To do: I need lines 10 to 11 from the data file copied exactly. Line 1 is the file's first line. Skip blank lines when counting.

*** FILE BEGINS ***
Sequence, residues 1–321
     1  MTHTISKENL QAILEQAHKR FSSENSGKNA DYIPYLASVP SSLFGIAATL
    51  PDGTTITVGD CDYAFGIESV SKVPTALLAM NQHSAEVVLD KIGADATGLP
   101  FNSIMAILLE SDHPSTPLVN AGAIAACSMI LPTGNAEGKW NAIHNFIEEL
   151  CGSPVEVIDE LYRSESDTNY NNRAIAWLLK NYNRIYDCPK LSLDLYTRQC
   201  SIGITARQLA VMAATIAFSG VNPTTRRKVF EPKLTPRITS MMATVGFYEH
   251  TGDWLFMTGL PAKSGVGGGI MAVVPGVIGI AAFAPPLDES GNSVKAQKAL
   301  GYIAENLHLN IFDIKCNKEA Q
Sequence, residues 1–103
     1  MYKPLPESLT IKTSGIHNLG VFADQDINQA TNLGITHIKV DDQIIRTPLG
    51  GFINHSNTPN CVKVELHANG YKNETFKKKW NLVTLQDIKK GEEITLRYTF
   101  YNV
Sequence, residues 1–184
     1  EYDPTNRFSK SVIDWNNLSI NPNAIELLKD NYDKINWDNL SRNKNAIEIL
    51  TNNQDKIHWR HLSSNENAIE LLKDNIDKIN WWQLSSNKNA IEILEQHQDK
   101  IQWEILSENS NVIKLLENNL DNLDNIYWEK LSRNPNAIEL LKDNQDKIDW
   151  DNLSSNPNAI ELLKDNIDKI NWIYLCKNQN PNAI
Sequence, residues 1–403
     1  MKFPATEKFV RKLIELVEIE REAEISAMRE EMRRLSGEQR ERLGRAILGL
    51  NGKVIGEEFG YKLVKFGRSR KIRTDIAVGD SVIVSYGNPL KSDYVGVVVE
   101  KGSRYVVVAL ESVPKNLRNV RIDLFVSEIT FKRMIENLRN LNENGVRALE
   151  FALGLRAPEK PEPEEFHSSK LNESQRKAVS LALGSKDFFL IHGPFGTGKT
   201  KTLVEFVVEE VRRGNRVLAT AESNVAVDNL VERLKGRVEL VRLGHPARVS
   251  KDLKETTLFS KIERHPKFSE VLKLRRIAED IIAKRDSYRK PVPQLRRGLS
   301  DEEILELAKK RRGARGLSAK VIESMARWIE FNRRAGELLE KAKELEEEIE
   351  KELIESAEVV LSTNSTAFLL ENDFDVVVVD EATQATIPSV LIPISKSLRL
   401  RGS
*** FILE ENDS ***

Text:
     1  MYKPLPESLT IKTSGIHNLG VFADQDINQA TNLGITHIKV DDQIIRTPLG
    51  GFINHSNTPN CVKVELHANG YKNETFKKKW NLVTLQDIKK GEEITLRYTF